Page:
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Common questions about schizoaffective disorder

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Schizoaffective disorder is a psychiatric condition, combining the symptoms of schizophrenia and mood disorders (bipolar or depression). These symptoms – hallucinations, delusions, psychosis and episodes of mania or depression – can occur together or at different times.

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14

If this is a post-schizophrenia world, then who the hell am I?

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'Schizophrenia, you have schizophrenia. Shit, schizophrenia, this sounds serious but what is it?' 

At 23 I was still naive, and even though I had been a university student I had not encountered schizophrenia in friends or relatives. I sat bewildered in the psychiatrist's office, perplexed not only by my inner psychotic confusion but wondering what was to become of me.

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Self-help when hearing voices

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Hearing voices can be an intrusive and distressing experience for people living with a psychotic illness.

Developing personalised interventions and strategies, preferably with health professionals, can help alleviate the impact.

This may be achieved by focusing on a specific problem, such as voices that wake you at night, or focusing on an element, like a particularly distressing voice.

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24

Three reasons to be optimistic about schizophrenia

Three reasons to be optimistic about schizophrenia

Despite what many people think, schizophrenia is far from being a life sentence. Recovery, to a lesser or greater degree, is possible.

A 2010 national survey found that 54.8% of participants who had experienced multiple episodes of psychosis went on to achieve partial or good recovery between episodes.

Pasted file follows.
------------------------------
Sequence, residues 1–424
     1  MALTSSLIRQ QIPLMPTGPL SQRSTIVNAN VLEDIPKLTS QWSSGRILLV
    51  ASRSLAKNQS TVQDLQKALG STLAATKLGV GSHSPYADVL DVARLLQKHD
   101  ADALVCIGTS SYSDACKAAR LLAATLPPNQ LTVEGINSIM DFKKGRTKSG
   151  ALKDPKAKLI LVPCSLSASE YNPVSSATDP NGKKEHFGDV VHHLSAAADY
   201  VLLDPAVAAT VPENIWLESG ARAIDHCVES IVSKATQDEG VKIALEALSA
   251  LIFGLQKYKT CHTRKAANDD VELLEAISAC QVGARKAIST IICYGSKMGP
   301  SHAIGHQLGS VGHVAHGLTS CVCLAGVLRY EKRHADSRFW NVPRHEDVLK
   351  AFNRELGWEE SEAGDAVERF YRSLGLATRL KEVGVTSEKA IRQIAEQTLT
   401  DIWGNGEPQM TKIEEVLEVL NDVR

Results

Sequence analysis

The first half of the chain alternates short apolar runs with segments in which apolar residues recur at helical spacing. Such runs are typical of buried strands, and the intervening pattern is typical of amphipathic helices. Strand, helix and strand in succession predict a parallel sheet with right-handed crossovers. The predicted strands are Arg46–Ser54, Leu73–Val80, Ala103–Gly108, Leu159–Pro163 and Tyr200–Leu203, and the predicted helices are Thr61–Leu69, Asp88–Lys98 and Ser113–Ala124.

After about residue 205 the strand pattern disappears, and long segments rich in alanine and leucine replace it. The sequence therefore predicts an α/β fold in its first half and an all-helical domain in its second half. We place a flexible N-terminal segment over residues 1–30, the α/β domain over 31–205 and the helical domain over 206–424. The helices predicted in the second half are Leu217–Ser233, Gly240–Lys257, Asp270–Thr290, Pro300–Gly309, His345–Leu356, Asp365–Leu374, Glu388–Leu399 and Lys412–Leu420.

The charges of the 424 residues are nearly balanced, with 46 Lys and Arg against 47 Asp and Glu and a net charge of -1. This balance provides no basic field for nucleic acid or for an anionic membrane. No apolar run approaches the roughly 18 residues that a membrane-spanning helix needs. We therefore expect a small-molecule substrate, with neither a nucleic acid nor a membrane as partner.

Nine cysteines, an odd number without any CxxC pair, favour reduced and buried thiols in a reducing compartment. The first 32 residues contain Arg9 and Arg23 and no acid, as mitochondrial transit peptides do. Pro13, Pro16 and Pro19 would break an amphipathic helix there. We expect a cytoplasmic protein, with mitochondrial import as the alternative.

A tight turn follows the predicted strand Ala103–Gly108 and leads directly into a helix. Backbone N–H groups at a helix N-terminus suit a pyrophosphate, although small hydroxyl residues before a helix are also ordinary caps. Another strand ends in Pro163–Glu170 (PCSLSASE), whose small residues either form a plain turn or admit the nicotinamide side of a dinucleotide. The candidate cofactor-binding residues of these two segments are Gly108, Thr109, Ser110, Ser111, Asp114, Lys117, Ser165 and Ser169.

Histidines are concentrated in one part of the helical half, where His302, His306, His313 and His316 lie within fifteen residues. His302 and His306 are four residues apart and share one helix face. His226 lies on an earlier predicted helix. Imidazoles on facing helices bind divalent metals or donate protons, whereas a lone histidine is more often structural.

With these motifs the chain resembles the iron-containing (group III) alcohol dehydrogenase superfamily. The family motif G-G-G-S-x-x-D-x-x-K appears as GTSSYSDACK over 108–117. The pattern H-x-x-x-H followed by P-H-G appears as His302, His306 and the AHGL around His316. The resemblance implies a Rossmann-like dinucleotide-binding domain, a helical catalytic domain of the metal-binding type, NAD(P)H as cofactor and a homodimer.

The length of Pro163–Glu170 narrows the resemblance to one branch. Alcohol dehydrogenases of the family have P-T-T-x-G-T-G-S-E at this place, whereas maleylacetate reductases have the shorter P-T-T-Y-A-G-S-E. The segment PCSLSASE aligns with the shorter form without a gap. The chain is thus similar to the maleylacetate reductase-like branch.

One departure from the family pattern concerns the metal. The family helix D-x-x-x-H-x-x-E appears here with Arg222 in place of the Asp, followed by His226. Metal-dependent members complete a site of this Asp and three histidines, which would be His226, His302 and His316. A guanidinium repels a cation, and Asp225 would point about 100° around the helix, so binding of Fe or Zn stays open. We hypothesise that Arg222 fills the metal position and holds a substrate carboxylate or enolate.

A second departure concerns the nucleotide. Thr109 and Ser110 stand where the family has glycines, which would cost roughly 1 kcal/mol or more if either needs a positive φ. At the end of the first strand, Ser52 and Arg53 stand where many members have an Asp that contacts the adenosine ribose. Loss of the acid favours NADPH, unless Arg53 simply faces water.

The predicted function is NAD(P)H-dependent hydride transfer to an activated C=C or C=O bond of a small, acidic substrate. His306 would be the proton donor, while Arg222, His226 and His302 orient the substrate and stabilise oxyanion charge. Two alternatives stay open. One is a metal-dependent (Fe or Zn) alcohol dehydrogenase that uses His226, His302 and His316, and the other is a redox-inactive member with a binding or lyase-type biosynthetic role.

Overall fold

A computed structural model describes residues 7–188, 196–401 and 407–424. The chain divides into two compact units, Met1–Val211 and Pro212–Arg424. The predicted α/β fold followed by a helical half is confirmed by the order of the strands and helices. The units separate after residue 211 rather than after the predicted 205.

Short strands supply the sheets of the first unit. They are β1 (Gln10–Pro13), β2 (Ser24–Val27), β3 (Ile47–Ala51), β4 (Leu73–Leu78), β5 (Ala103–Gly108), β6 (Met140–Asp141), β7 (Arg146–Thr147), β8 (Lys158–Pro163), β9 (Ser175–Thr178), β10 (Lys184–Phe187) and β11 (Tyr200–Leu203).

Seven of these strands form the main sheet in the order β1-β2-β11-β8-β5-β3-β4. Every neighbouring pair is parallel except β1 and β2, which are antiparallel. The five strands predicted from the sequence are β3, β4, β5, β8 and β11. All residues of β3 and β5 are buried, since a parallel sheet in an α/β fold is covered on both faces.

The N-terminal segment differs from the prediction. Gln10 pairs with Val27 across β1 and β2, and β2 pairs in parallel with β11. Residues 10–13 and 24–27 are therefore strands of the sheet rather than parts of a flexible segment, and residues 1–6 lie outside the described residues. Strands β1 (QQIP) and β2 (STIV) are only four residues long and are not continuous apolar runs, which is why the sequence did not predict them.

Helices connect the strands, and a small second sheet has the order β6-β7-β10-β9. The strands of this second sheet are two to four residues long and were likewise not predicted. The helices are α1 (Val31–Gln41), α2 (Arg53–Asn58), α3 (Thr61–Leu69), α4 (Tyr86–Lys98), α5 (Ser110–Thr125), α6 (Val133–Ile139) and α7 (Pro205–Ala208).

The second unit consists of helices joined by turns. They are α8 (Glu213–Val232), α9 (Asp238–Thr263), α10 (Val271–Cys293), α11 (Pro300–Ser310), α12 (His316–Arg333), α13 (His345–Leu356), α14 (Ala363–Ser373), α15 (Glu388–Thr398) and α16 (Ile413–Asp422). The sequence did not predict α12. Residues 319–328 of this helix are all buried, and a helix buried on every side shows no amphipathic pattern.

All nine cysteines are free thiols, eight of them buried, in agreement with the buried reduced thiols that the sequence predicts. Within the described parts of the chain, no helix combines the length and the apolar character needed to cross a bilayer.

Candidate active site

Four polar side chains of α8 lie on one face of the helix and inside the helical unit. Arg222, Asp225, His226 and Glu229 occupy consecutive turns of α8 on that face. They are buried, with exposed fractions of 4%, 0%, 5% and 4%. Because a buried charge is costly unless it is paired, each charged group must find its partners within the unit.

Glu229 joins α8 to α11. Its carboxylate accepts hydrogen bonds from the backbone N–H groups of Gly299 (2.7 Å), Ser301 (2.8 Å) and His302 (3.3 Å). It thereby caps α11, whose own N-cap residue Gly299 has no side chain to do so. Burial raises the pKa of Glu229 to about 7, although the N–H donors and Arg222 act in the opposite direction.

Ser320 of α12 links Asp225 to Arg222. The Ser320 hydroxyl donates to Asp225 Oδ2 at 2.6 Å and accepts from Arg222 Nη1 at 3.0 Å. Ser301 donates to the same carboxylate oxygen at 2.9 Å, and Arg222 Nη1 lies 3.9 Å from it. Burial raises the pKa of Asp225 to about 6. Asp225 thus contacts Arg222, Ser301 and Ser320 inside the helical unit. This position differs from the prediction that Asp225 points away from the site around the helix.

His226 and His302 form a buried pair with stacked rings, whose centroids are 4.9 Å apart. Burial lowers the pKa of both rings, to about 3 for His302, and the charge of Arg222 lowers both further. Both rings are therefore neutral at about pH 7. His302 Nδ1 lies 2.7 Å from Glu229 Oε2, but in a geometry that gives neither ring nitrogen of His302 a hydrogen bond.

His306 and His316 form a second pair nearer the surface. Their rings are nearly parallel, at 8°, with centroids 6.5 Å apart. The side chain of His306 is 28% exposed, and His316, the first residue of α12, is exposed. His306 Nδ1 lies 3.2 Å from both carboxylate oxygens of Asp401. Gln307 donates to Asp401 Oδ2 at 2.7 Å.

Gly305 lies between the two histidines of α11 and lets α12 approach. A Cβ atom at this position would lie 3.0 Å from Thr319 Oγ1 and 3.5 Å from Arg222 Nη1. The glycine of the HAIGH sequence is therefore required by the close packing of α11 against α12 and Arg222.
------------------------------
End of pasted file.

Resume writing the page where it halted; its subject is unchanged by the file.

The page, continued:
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5

Lived experience tips for managing schizophrenia

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The symptoms and effects of schizophrenia are as unique and varied as the people who experience the illness. 

Likewise the way people manage their symptoms – including treatment methods, medication and self-care strategies – differ from person to person. The strategies implemented can also change throughout someone's life.

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13

Five tips to help a loved one challenge psychosis

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Sometimes the distress associated with psychosis can be less about hallucinations or delusions and more about loneliness, fear and loss of self. At the risk of sounding overly optimistic - something us care professionals are famous for - I'd like to share five steps that can help you help your loved one overcome fear and isolation.

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A journey to discover holistic, family-centred care for psychosis

A journey to discover holistic, family-centred care for psychosis

London, Barcelona, Stockholm, Gothenburg and Geneva. It sounds like the running sheet from a music tour, but it’s the itinerary of Lisa Sweeney’s upcoming mental health research trip as part of the SANE Community Award.

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Top picks: Exploring schizophrenia

Top picks: Exploring schizophrenia

For Schziophrenia Awareness Week we've put together a list of resources that explore issues relating to schizophrenia.

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This is Jock, not schizophrenia

This is Jock, not schizophrenia
My brother lives with schizophrenia. Now before you judge and run away, allow me to introduce him.

This is my big brother John, or 'Jock', he does not have a split personality, just one, and it's loving and kind.
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5

Madness, poetry and the search for meaning

Madness, poetry and the search for meaning

I was a young twenty-three year old graduate when I was diagnosed with schizophrenia in 1976. I was told by clinicians that with every psychotic episode I had, I would go further into unreachable madness from which I would never recover.

The diagnosis was a death-sentence. Any thoughts of a future and a career were crushed by this awful mental illness and an equally awful assumption that my life would amount to nothing.

There was no presumption of capacity, no expectation that I would blossom like my friends around me who were getting on with their lives and forging successful careers. I felt irrelavant, and worse, invisible in the world. I describe it as walking in the shadows of others and casting none of my own. I was left with no identity, no sense of self and no hope. They were dark days.

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